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Influential UO Anthropology Professor Dies

Philip D. Young, 76, died June 30, 2013 in Cottage Grove, Oregon. He was born in Chicago, Illinois on October 18, 1936 to Donald and Jean (Ftacek) Young. He served in the Army in The Panama Canal Zone. Phil was Professor Emeritus in Anthropology at the University of Oregon, Chair of the Department of Anthropology (1985-1989) and Director of International Studies (1992-1995). He authored and co-edited 6 books and wrote numerous scholarly articles published in English and Spanish. He continued to be deeply committed to his work until his recent passing. He was a noted cultural anthropologist, a Latin Americanist specializing in socioeconomic change, adaptation among small farmers, and language and culture relationships. He had over 40 years of experience as a researcher, teacher, consultant, field-training director, project evaluator, and administrator. His bond with Ngäbe friends and family always drew him back to Panama. He leaves a legacy in his scholarship, his students and colleagues and the many people he touched throughout the world. To those close to him, Phil will be remembered for his wit and sense of humor, his devilish smile, and his collection of artisan frogs. His wife, Kathleen Black, will scatter his ashes at the Oregon coast, where they spent many happy times together. He is survived by Kathy, sons John and Andy, daughters Aixa, Juanita, Tanya, grandchildren and great-grandchildren all of Eugene, and brother Jerry Young, who lives in California.

Published in Eugene Register-Guard on July 14, 2013
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Tobin Hansen wins Cressman paper prize

Congratulations to Tobin Hansen, whose paper, “Redefining Relatedness and Care: Deportees on the Northern Mexico Border,” has been awarded the 2015 Luther S. and Dorothy C. Cressman Prize.

Jessica Stone receives Wenner-Gren Foundation Dissertation Grant

Congratulations to Jessica Stone, who received a Wenner-Gren Foundation dissertation grant for $20,000 to assist with her doctoral research in Palau entitled “Investigating Population Origins and Dipersals in a Remote Oceanic Archipelago through aDNA and Isotopic Analysis”.

Dr. Tara Cepon-Robins has accepted a tenure track position at the University of Colorado

Congratulations to Dr. Tara Cepon-Robins, who has accepted a tenure track Assistant Prof. of Anthropology position at the University of Colorado, Colorado Springs!

Dr. J. Josh Snodgrass receives an NACADA Outstanding Advising Award Certificate of Merit for Faculty Academic Advising

Congratulations to Dr. Snodgrass in being a NACADA Outstanding Advising Award – Faculty Academic Advising – Certificate of Merit recipient!
NACADA, the National Academic Advising Association, promotes and supports quality academic advising in institutions of higher education to enhance the educational development of students.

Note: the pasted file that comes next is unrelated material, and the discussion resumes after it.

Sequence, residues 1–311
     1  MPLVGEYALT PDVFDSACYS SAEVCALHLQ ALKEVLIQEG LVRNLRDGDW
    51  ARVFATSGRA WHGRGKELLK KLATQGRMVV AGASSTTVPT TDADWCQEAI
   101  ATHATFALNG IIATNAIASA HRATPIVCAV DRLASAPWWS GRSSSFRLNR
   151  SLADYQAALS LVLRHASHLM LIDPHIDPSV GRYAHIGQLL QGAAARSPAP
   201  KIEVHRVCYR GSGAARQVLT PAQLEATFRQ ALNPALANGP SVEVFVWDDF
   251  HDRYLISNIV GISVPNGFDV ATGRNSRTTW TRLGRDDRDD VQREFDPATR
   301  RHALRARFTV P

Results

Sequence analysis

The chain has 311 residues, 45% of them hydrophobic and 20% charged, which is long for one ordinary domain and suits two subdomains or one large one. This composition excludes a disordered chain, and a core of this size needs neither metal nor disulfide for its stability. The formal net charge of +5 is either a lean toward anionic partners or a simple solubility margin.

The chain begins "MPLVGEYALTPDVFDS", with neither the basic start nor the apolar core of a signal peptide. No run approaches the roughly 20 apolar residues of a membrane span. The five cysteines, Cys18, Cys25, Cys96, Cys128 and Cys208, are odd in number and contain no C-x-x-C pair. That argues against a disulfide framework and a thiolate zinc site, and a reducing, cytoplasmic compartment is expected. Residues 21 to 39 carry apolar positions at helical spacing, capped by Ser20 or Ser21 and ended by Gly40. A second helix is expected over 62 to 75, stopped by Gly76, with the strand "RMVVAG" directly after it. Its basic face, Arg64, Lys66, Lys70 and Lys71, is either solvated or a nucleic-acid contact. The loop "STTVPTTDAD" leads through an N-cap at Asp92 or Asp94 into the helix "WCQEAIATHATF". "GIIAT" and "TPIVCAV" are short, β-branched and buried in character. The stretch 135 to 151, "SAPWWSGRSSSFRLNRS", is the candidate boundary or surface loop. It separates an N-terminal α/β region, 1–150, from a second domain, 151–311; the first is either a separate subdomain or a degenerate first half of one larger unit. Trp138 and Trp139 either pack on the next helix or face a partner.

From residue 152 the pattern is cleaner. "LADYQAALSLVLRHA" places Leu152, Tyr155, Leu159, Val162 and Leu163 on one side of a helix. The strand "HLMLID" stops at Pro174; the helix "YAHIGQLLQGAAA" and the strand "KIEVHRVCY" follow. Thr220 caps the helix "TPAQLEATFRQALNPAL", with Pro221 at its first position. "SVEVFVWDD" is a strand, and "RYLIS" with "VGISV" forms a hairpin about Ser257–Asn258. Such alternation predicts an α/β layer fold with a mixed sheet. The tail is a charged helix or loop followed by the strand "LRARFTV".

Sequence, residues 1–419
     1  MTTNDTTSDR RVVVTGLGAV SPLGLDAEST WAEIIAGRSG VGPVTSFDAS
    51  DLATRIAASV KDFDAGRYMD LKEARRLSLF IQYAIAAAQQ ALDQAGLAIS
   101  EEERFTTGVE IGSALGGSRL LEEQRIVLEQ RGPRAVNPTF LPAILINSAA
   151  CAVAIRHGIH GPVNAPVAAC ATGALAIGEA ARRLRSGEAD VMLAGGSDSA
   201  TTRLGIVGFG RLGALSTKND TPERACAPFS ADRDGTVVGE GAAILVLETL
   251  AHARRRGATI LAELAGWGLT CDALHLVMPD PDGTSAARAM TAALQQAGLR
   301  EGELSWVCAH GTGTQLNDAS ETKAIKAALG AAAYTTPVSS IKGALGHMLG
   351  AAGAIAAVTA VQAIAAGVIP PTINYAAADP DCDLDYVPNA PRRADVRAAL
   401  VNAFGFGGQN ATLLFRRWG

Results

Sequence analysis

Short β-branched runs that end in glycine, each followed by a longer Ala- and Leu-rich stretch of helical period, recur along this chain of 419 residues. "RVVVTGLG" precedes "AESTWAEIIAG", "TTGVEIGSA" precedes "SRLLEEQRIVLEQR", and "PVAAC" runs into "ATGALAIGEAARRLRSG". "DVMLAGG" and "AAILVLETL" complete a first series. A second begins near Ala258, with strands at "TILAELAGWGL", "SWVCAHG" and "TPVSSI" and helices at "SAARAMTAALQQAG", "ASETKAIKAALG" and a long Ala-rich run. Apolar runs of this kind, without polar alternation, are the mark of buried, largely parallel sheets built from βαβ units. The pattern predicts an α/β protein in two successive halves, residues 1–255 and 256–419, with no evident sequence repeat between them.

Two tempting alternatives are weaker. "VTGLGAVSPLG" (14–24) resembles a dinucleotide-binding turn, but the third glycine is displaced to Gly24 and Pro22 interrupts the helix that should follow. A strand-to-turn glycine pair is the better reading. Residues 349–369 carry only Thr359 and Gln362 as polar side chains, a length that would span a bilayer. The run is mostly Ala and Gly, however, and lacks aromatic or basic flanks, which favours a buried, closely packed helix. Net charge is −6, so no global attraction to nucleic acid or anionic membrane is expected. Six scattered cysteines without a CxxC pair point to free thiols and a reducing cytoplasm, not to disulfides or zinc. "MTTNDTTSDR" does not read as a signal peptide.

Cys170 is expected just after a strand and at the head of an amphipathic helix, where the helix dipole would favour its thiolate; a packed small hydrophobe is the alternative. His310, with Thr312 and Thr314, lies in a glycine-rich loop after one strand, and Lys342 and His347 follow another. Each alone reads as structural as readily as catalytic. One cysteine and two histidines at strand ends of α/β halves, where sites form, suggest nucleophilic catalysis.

Congratulations to our department’s CAPS Small Professional Grant Winners

The Center for Asian and Pacific Studies is pleased to announce that Habeom Kim, Aaron Poteate, Jessica Stone, Matthew Napolitano, and Meagan Clark were all recently awarded grants to put towards their research!

Iván Sandoval Cervantes awarded Jane Grant Dissertation Fellowship

Congratulations to Department of Anthropology PhD candidate Iván Sandoval Cervantes, who was awarded the prestigious Jane Grant Dissertation Fellowship. His dissertation topic is “The Intersections of Transnational and Internal Indigenous Migration: Gender, Kinship, and Care.” Sandoval’s project is based on more than twenty months of multi-sited ethnographic fieldwork with the community of Zegache in Zegache, Oaxaca; Mexico City; and Salem, Oregon.

Dr. Lynn Stephen’s book “We are the Face of Oaxaca” chosen for national award

A book authored by Professor Lynn Stephen, director, UO Center for Latino/a and Latin American Studies, has been named the recipient of the 2015 Delmos Jones and Jagna Scharff Memorial Book Award from the Society for the Anthropology of North America. We are the Face of Oaxaca: Testimony and Social Movements (Duke University Press, October 2013) tells the story of a massive uprising against the Mexican state of Oaxaca, which began with the emergence of the Popular Assembly of the Peoples of Oaxaca (APPO) in June 2006. Click here to read more.

Annie Caruso selected as the 2015 recipient of the Cheryl L. Harper Memorial Fund Scholarship

Congratulations to Annie Caruso, the 2015 recipient of the Cheryl L. Harper Memorial Fund Scholarship for her project, “A Critical Heritage Analysis of the Carriacou Archaeology Field Project.”

Matt Napolitano wins 2015 Graduate Research Forum’s People’s Choice Award

Congratulations to Anthropology graduate student Matt “Nappy” Napolitano, for winning this year’s
“People’s Choice Award” at this year’s Graduate Research Forum for his
poster entitled “Before the Clock Runs Out: Archaeology In the Face of
Erosion on St. Catherines Island, Georgia, USA”.
Click here for the full article.

Congratulations to Carol Silverman, new Fellow of the American Folklore Society

Prof. Silverman was formally recognized at the annual meeting of the American Folklore Society in Santa Fe, Nov. 5-8, 2014. The Fellows is an honorary body that recognizes outstanding achievement in folklore scholarship. A learned organization founded in 1888 Cambridge, Massachusetts, the Society is an association of people who study and communicate knowledge about folklore throughout the world. Click here to read more in an article from Around the O.